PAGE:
Rockstar has updated the previous version of the game that hit stores back in 2003 with a new storyline and characters. Except this time, "Manhunt 2" was initially deemed so gruesome that the Electronic Software Ratings Board or ESRB gave it an "AO" rating or Adults Only (18 and older). That means virtually every major retailer wouldn't stock it, and console makers may not support it. Rockstar made some changes, and now the ESRB has given it an "M" rating, which means 17 and older. (Personally, I understand the legal difference between age 17 and 18, but does one year really make that much difference with video games? Shouldn't "Adults Only" really be 21 and older? The point is now moot, a whole other argument, and I digress.) In any case, we all know kids end up at a friend's place and pop in the game collection from the older brother and therefore the ratings don't always work either.
Anyway, "Manhunt 2" will be available for Sony's PlayStation 2 and Nintendo's Wii. And while Sony (and Microsoft, for that matter) have long established themselves with gamers as willing to support such extreme games, Nintendo hasn't exactly jumped into the fray with such vigor. Nintendo is more known to the average parent as the fun-loving company behind "Super Mario Bros." or "Zelda." That said, Nintendo does have several M-rated games on the market, including "Resident Evil 4," which is pretty bloody though not nearly as graphic as "Manhunt 2."
But the nature of "Manhunt 2," which involves escaping from an insane asylum, requires players to, well, essentially murder people on your way out. There's no question it's violent. There's no question (at least I hope not much) that young children shouldn't play it. The reason Nintendo is getting more attention than Sony is the Wii controller. You can hold it like a knife and stab with it, or slash, etc. There are those in the blogging community who -- perhaps jokingly -- call it a "murder simulator." That may be taking it a little bit too far, but the comments certainly raise some questions about how people (and kids) interact with games, and what that physical involvement does to the brain.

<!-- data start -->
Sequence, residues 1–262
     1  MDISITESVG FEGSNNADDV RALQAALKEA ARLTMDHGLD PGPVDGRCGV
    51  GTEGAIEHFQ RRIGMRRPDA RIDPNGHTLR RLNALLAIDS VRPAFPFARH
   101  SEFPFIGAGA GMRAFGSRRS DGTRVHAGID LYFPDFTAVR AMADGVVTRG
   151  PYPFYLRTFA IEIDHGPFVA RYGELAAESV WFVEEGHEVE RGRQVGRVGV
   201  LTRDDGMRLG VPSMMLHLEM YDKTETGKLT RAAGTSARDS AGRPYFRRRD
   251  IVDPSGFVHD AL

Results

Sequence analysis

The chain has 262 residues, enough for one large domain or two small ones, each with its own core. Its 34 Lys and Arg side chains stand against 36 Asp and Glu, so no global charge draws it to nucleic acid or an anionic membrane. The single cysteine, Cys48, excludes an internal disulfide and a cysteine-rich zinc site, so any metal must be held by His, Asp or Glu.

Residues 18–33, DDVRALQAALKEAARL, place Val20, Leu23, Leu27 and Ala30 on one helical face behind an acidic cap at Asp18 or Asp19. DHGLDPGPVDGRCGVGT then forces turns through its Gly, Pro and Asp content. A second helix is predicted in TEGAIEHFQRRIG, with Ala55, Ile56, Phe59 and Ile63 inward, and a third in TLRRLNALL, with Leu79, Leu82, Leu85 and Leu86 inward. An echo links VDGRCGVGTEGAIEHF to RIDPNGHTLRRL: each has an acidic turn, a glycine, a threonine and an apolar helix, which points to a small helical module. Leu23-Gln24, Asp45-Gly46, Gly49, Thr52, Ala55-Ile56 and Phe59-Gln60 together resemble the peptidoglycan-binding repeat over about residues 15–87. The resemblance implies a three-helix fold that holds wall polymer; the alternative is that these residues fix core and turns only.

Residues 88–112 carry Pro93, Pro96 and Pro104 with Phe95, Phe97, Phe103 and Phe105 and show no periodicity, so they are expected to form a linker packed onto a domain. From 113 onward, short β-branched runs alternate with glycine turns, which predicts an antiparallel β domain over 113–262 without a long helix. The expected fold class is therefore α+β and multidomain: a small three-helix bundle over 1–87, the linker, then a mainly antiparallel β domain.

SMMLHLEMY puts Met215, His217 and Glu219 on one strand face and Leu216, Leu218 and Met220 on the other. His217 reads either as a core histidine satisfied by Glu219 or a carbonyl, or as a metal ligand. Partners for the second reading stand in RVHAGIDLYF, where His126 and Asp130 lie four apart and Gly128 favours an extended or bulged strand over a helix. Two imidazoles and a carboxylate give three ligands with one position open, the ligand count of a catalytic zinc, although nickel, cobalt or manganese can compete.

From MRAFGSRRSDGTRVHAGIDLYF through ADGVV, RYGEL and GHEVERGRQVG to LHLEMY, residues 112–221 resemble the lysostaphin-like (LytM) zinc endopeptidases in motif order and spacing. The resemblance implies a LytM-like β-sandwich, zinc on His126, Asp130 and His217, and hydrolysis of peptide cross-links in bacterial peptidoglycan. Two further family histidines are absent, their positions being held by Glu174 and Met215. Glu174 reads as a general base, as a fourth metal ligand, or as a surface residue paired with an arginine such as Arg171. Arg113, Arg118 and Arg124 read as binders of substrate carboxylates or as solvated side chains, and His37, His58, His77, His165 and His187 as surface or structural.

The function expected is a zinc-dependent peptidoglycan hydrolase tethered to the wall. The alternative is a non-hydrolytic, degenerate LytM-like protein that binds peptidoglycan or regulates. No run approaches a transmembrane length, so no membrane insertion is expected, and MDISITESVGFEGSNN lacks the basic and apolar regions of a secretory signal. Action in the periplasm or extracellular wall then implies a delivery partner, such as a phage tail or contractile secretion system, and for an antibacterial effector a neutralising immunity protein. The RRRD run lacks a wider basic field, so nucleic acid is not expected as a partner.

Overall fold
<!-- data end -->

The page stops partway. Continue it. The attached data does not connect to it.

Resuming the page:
I've talked to Nintendo and they say they aren't responsible for the design of the game. Fair enough. Nintendo did agree to have it on their system, and it will help their "street cred" with the hardcore gamers looking for more action on the Wii. However, parents can use controls to limit which games are allowed to be played on the Wii console. Though again, it's hard to know everything that your kids are doing when they leave the house.
All of the game reviewers I've talked to today agree it's beyond the level of violence in nearly every other game. I've covered the video game industry for more than 12 years, and the violence-kids-games argument hasn't diminished one bit. It's a massive subject, studied by the likes of psychologists, techies, games companies, executives, players, analysts, bloggers, journalists and parents everywhere. There are no simple answers. And it can be hard for news organizations to really dig into these issues that can include free speech, manipulating children through advertising, and how visual stimulus affects aggression versus violent behavior (if at all), etc. But that doesn't mean we should avoid them. If I have anything to say about it, stay tuned for more in the near future.
P.S. A quick side note -- I have not played the game myself, and the reviewers I spoke to were not allowed to keep the game after playing it for only a short time. It's all part of Rockstar's strategy to shape the release of "Manhunt 2" as best it can. I also tried unsuccessfully to get a copy from Rockstar. Not surprising, but felt it was worth mentioning.